I remember reading with my first Year 1 class at Angel Oak Academy. There was a boy in my class who hadn’t understood the concepts, skills or knowledge that underpin early reading. I think it’s fair to say he didn’t like reading.
I’d try and read with each child once a week. We were using book bands then, as this was before we implemented Sounds Write, and this young man was on pink. He’d obviously been on pink throughout Reception (he knew all of the books by heart). I’d ask him to read with me and he’d roll his eyes, look for an excuse and occasionally moan ‘not again’. After some encouragement, he’d pick up the book, recite it, and would have melted out of his chair by the last page (if he managed to get there without coming up with an elaborate distraction).
We implemented Sounds Write after October half term, and stocked our EYFS and Year 1 classrooms with Dandelion Readers. As a class, we were working on the complex code (alternative spellings), and some children (including my reluctant reader) were also in a small intervention group to whom I was reteaching the basic code (CVC words and 1:1 correspondence).
After a couple of weeks of intervention, and explicit modelling of saying the sounds and reading/writing words, I asked him to read a Dandelion Reader. The code in the book was very restricted – an entire book comprised only of words that contained 5 sounds: ‘a’ as in ‘mat’, ‘i’ as in ‘sit’, ‘m’ as in ‘Tim’, ‘s’ as in ‘sat’, and ‘t’ as in ‘Tom’. (With Sounds Write, you systematically build code knowledge through the introduction of sounds in the context of real words rather than graphemes in isolation). He rolled his eyes, feigned the need to go to the toilet, then reluctantly agreed to read to me.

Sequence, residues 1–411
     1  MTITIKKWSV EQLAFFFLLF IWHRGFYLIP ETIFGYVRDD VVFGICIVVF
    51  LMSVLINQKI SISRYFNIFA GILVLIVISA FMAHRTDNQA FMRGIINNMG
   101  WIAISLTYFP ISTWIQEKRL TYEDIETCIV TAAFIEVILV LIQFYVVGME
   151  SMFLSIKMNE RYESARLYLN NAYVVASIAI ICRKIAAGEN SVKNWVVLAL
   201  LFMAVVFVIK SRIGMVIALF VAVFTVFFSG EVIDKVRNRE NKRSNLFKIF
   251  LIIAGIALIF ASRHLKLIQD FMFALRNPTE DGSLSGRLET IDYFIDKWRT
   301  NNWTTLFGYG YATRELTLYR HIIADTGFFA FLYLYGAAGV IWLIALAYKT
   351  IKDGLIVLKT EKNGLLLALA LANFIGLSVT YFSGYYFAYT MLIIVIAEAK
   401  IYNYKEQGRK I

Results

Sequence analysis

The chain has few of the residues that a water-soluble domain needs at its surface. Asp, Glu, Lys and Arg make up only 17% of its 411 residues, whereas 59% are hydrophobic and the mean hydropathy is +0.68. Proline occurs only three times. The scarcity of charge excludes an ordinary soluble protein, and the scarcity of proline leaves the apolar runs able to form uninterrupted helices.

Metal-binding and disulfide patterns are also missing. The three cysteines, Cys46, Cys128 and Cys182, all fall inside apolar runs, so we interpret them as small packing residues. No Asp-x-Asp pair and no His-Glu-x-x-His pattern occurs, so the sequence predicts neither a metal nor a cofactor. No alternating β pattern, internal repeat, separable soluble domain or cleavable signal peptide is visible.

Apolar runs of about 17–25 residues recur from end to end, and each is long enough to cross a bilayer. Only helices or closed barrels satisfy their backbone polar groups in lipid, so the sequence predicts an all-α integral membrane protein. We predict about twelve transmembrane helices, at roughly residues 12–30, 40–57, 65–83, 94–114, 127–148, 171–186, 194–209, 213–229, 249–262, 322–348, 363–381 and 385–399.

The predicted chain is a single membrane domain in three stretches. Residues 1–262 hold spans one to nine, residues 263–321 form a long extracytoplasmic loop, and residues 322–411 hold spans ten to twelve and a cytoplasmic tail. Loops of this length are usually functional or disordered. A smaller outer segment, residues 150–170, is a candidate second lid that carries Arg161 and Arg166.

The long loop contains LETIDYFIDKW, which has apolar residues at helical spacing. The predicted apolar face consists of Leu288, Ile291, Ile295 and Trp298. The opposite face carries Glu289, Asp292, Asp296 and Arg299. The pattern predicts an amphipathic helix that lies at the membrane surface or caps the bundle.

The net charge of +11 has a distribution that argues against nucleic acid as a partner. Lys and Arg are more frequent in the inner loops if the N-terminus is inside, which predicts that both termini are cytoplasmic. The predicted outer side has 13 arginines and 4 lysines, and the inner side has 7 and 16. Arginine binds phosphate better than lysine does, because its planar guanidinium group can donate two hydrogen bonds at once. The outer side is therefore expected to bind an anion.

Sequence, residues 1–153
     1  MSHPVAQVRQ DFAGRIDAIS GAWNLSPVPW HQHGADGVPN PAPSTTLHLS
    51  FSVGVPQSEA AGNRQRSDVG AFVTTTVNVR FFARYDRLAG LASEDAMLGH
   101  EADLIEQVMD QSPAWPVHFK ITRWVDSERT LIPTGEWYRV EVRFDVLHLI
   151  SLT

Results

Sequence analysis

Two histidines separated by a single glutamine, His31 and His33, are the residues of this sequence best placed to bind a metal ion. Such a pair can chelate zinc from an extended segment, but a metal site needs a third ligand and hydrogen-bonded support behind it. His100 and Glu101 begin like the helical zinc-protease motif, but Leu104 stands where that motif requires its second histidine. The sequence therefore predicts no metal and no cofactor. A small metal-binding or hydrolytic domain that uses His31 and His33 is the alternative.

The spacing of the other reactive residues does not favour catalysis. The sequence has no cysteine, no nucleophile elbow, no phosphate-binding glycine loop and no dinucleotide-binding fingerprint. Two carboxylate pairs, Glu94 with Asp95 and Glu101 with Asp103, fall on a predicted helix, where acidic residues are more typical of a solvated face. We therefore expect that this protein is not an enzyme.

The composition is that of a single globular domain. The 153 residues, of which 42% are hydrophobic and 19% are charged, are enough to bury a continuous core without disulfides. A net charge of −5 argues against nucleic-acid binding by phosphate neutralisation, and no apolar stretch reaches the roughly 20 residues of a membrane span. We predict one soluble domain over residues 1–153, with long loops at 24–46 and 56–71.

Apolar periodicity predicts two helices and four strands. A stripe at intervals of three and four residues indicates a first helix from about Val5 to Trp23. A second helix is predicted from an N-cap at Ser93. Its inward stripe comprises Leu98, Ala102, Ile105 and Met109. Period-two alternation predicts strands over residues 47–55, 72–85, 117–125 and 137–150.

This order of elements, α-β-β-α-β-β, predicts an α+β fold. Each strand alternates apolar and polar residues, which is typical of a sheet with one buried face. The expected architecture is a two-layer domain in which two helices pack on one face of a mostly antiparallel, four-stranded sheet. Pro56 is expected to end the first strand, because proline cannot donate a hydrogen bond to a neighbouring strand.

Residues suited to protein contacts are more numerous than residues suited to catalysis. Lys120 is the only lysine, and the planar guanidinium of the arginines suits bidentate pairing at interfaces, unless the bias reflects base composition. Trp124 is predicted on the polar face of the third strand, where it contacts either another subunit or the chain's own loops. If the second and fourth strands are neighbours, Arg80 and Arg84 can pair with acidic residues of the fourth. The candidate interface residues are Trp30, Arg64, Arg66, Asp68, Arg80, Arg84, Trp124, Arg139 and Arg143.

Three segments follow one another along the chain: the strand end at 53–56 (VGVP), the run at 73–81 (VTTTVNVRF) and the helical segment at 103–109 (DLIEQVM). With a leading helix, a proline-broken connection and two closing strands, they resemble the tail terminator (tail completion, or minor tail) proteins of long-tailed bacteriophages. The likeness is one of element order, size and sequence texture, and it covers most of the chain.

We sat down, and I asked him to say the sounds and read the title. He did, and he could. He then read the first page, then the second, then the rest of the book. When he’d finished, he slammed the book shut. He stared at me, eyes wide, and announced,